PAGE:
To add SOP to your channel, you should first be identified with ChanServ as the founder of the channel (explained later on), and then just type: /msg ChanServ SOP #channel add nickname
You can also add user@host patterns to the SOP/AOP list(s), but since I think that is merely a cause of problems, I will not teach you how to do it. Instead I think you should ask all persons you plan on having as AOP/SOP on the channel to register their nickname with NickServ, and then add them with that one. Then it doesn't really matter what adress they are connected from, as long as they have successfully identified with NickServ as the owner of the nickname. To add a new AOP, you do exactly the same way as you did with SOPs, but exchange the word SOP with AOP ofcourse: /msg ChanServ AOP #channel add nickname.
To remove an AOP/SOP you just exchange ADD with DEL, and the process will be reversed. And the nick will no longer be opped by ChanServ upon entering the channel.

What if someone enters your channel while you are offline, gains op on it and bans you from the channel? That is a good question, and I will answer it as efficiently as possible. Everything can, ofcourse, be done through ChanServ. As long as the person in the channel haven't found out your password and changed it to something else, then your only way out of the mess is to come to #dragonrealm and ask a CSop to assist you in the recovery of your password.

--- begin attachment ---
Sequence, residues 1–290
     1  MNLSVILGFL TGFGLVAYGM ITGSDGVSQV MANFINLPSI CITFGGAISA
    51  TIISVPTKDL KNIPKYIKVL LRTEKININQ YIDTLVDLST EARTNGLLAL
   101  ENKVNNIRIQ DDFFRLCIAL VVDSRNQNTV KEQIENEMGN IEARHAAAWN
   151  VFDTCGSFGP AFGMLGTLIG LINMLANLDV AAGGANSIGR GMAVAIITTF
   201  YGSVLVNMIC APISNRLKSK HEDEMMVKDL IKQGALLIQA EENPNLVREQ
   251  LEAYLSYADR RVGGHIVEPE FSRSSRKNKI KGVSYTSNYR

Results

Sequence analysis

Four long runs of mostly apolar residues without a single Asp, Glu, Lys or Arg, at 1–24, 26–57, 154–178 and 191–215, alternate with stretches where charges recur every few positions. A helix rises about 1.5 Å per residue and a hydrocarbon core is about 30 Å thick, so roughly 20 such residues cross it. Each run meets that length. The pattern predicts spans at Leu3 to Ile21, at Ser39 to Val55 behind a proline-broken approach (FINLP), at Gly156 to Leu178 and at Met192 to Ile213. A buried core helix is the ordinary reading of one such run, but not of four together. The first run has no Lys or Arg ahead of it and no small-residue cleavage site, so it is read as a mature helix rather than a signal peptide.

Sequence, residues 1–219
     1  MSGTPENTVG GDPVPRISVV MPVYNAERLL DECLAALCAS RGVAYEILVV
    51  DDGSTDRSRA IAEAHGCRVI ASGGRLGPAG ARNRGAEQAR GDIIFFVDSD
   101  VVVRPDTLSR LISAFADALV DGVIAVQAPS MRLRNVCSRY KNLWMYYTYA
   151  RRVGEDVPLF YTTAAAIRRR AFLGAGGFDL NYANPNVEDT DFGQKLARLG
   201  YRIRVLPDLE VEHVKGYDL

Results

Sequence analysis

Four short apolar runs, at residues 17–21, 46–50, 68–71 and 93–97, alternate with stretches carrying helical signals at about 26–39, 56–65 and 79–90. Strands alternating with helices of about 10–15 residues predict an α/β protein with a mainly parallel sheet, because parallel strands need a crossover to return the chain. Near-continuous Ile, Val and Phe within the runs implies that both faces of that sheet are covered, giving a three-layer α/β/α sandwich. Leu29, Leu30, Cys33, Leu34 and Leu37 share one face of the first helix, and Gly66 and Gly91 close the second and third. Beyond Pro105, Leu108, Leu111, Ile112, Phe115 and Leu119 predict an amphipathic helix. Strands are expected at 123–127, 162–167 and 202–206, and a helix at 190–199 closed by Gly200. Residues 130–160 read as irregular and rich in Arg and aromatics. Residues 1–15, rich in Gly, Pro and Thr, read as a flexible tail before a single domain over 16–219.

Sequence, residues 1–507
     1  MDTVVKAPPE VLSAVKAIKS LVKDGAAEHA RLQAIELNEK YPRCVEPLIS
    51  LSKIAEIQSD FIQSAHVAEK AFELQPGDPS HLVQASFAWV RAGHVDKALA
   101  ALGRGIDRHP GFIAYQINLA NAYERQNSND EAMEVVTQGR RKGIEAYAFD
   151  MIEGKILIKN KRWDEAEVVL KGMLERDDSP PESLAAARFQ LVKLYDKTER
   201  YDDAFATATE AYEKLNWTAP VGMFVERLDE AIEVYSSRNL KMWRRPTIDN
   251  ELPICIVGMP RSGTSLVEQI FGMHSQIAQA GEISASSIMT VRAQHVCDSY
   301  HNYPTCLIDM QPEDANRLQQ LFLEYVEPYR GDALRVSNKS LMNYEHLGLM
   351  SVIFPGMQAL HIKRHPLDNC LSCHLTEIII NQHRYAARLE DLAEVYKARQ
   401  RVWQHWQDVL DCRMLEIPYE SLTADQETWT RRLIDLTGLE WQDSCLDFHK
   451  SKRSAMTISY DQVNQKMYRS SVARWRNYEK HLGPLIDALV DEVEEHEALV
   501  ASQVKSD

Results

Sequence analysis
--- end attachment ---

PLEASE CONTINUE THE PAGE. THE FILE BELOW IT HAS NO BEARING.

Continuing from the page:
If you are banned from your own channel (or any channel that you are AOP, SOP or Founder on), you can just type: /msg ChanServ unban #channel me and ChanServ will clear all bans matching your address on the specified channel. After that you should be able to enter without problem, gain ops and kick the person from the channel. But if the person is faster than you are, and kicks you out again before you manage to kick him out, there is another command you can give to ChanServ, called MKICK. This command is invoked by typing: /msg ChanServ mkick #channel and everyone in the channel will be kicked.